Wednesday, March 31, 2010

The robin nest in out flowering crabapple tree fell apart over the winter. I was disappointed because I'd really enjoyed seeing the robin family raise their families.

Then one day last week, I spied a handsome Mr. Robin building a cozy nest in a small hanging flower holder on the fence outside our back door. Yay, even more convenient baby bird watching.

Mama bird is sitting on her nest now. She wasn't there when I went past a bit ago, so I took the chance to sneak this photo.

Planting tally so far: 1 fruit cocktail tree, 6 elderberry bushes, and 4 lilac bushes. We healed in the four nut trees and the three pawpaw trees for now, since we're planning for them to go around our new shed when it's built.  I also measured out and marked the places for the 11 dwarf fruit trees for the orchard area.

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Tuesday, March 30, 2010

A Knitting Break

With all the gardening posts lately, you'd think I'm spending all my time outside. I have been spending lots of time outside, but I've also managed to get some knitting done. I mean, I can't give up watching Dancing with the Stars and Lost! And tv watching means knitting.  Well, generally it does, if my hands don't hurt. The warmer temps have helped that quite a bit, and I was inspired by this pretty pretty yarn I picked out at Hancock Fabrics for my birthday last week.

This yarn is a mix of wool, bamboo, and nylon. It's really soft and makes those soft gray and purple stripes. I've been glad to make some progress on a project, because it seems like I don't finish things too much anymore! I don't really know why that is, but I'm hoping to change that and accomplish some finishing soon.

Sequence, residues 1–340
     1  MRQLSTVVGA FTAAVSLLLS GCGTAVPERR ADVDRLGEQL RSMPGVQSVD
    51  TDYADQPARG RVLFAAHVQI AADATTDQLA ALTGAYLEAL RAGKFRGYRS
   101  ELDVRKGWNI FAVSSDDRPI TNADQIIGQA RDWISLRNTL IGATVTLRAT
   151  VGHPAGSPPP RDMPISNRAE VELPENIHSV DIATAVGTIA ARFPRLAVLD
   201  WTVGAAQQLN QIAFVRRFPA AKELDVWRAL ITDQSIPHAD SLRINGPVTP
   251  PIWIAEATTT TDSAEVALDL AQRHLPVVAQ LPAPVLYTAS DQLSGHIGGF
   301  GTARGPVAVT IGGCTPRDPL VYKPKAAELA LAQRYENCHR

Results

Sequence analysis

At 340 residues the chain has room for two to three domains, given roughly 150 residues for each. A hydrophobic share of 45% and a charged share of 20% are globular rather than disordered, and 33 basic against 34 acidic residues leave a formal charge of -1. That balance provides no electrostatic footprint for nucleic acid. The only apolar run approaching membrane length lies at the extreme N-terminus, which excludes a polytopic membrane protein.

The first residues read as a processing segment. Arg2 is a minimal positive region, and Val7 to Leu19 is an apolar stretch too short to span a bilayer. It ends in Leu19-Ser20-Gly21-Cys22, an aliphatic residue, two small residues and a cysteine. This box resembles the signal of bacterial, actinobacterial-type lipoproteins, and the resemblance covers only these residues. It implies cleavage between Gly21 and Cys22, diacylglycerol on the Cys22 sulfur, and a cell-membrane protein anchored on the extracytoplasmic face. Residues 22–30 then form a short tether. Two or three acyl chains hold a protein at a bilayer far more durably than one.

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Monday, March 29, 2010

Guess What We'll Be Doing This Week

A while back, Ben and I put together a mongo-huge order from Burgess. We ordered apple trees, cherry tree, butternut trees, peach trees, lilacs, plum trees, willow trees, almond trees, pussy willows, pear trees, elderberry bushes! The list just goes on and on...

And guess what came in the mail today?

I guess we ordered so many trees that they're coming in trilogy form. We got two of the three shipments today. I do hope the last comes tomorrow!

The picture shows a couple of the fun freebies they throw into the orders. I just love the vintage retro colors and graphics of these seed packets.

So, I'm pretty sure what I'll be doing all this week. How about you guys?

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Thursday, March 25, 2010

A New Raised Bed for Spring Planting

Our soil here is very heavy, very clay-ey, and pretty low lying compared to the fields and houses around us.  This makes it a challenge to grow carrots, and other root veggies, since they prefered ground that they can really stretch out in and grow straight.  It's also really difficult to plant spring crops, because the garden doesn't usually dry out enough to be worked until June or so, and because spring is pretty brief here, it's much too hot for things like lettuces, spinach, peas, broccoli, and cabbages and cauliflower.